Each year, the Academy’s Annual Meeting showcases new medical technologies and procedures. While many of these raise the quality of patient care, they also raise the question of how you document services that don’t yet have their own Category I codes.
The answer may lie within a set of codes that practices often forget about—the Category III codes. These were first introduced on Jan. 1, 2002, as a set of temporary codes to document new services. They are five-character alphanumeric codes, with the alpha-character appearing last.
Purpose is to facilitate data collection. Category III codes allow data collection for payers. Since use of unlisted codes does not provide the opportunity for collection of this data, Category III codes—if they’re available—must be reported instead of unlisted codes.
Payment depends on policies of payers and local Medicare carriers. No relative value units (RVUs) are assigned to these codes on a national level. Insurance companies have the option to cover or not cover these codes. However, Medicare carriers may develop a specific coverage policy. Category III codes may or may not receive a Category I code in the future. So unless your payer has a coverage policy, it’s best to obtain an Advance Beneficiary Notice (ABN) from your Medicare patients and append modifier –GA to the Category III code.
Published in January and July of each year. Because the results are published semiannually, the most current Category III codes are not always available in the CPT book. The following are most relevant to ophthalmology.
0099T Implantation of intrastromal corneal ring segments.
0123T Fistulization of sclera for glaucoma, through ciliary body.
0173T Monitoring of intraocular pressure during vitrectomy surgery. (List separately in addition to code for primary procedure.)
0176T Transluminal dilation of aqueous outflow canal; without retention of device or stent. Note: Use 0176T for canaloplasty.
0177T Transluminal dilation of aqueous outflow canal; with retention of device or stent. Note: Use 0177T for canaloplasty.
0181T Corneal hysteresis determination, by air impulse stimulation, bilateral, with interpretation and report.
0187T Scanning computerized ophthalmic diagnostic imaging, anterior segment, with interpretation and report, unilateral. Note: This is appropriate when coding for anterior segment, rather than posterior segment optic nerve evaluation.
0191T Insertion of anterior segment aqueous drainage device, without extraocular reservoir; internal approach. Note: Use 0191T for the iStent.
0192T Insertion of anterior segment aqueous drainage device, without extraocular reservoir; external approach. Note: This was released on Jan. 1, 2008, and implemented on July 1, 2008. It should be used for the supply of the Express shunt and Aquaflow. Prior to July 1, these should have been coded with 66170 or 66172, not 66810. While the ambulatory surgical center and/or hospital outpatient department will be paid for 0192T, the surgeon may not be paid by the insurance company. CPT code 66180 should still be submitted with the Baerveldt, Ahmed and Molteno shunts.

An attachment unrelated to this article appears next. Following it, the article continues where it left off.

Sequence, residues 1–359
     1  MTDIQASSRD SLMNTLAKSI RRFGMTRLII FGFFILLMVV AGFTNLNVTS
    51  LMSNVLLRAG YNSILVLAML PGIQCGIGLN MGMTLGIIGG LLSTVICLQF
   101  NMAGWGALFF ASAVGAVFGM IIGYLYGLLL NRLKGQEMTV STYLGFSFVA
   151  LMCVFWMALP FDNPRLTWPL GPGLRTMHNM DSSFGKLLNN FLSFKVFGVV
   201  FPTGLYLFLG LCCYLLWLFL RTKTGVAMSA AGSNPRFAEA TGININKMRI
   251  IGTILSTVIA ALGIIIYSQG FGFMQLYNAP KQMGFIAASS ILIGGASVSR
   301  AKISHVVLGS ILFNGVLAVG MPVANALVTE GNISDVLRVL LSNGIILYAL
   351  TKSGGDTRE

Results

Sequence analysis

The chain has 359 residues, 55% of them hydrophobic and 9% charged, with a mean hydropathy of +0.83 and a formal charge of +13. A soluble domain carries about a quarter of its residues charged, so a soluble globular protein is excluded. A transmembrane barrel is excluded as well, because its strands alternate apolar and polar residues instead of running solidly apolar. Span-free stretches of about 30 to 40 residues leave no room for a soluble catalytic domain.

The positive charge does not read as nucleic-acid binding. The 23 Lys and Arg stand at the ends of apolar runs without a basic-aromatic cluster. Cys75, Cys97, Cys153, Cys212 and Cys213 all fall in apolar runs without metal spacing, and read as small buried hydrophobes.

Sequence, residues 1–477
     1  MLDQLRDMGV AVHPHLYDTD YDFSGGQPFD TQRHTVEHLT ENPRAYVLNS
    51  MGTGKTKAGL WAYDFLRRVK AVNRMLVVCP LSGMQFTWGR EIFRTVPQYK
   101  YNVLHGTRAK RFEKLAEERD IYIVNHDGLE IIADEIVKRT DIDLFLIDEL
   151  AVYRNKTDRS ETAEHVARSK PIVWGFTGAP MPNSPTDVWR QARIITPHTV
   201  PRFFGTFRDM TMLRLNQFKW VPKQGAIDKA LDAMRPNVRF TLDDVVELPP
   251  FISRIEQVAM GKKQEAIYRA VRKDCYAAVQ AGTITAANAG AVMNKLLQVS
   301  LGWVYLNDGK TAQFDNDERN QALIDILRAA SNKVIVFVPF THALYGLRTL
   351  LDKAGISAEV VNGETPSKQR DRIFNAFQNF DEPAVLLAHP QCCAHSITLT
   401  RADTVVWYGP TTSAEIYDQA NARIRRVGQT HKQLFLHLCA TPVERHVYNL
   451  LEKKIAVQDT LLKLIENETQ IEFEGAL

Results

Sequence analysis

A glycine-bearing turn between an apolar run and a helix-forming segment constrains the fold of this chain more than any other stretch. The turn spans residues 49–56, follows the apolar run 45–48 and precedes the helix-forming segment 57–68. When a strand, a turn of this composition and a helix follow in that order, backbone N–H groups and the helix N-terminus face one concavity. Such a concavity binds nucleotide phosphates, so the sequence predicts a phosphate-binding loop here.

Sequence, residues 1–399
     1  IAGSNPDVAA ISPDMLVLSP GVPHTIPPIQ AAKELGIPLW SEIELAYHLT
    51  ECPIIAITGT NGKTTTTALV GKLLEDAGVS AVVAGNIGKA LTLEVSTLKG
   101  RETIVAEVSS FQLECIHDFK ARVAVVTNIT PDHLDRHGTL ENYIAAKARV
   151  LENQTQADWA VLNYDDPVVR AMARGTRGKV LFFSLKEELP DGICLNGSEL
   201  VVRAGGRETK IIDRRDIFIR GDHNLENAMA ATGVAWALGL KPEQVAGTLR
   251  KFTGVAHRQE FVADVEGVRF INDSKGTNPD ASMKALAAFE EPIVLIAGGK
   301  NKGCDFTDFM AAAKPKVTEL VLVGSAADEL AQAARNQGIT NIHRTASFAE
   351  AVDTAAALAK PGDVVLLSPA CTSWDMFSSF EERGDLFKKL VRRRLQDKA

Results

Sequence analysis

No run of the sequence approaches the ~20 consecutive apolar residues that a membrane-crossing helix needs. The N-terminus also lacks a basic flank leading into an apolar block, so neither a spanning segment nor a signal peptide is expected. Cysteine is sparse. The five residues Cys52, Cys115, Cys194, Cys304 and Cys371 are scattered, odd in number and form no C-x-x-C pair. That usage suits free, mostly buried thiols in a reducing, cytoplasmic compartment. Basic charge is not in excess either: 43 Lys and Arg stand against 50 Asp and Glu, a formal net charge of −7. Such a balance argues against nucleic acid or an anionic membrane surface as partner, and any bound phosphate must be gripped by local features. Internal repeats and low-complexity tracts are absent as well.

0198T Measurement of ocular blood flow by repetitive intraocular pressure sampling, with interpretation and report. Note: This was released July 1, 2008, and will be implemented Jan. 1.
Five codes that should no longer be used. Codes 0016T, 0017T, 0100T, 0124T and 0190T have no current application.
Five Types of CPT Code
Documenting services can require knowledge of five different types of Current Procedural Terminology (CPT) codes.
Category I, Level I codes, such as 99214, are the most familiar. There are approximately 7,000 of these five-character numeric codes. They include all levels of exam, special testing and surgical procedures.
Category I, Level II codes, such as V2788, represent the Health Care Financing Administration Common Procedure Coding System (HCPCS). These five-character alphanumeric codes are used to document supplies, injectable solutions, glasses, contact lenses and screening (e.g., the glaucoma detection benefit).
Category I, Level III codes are assigned by Medicare carriers and therefore vary from region to region. They are used to describe procedures and services not identified in Category I, Levels I or II. These five-character alphanumeric codes begin with the letters W through Z. Currently there are no Category I, Level III codes that affect ophthalmology.
Category II codes, such as 0014F, are used to document quality measures for the Physician Quality Reporting Initiative (PQRI). In 2009, there will be a 2 percent bonus if you successfully participate in this program. For a list of current codes and the three possible new codes, visit www.aao.org/pqri.
Category III codes, such as 0198T, are used to document emerging technologies, services and procedures. They are five-character alphanumeric codes that end with the letter T. These tracking codes were introduced so data could be collected on new tests and services. This information helps the CPT Editorial Panel and its advisors determine whether new Category I codes are required.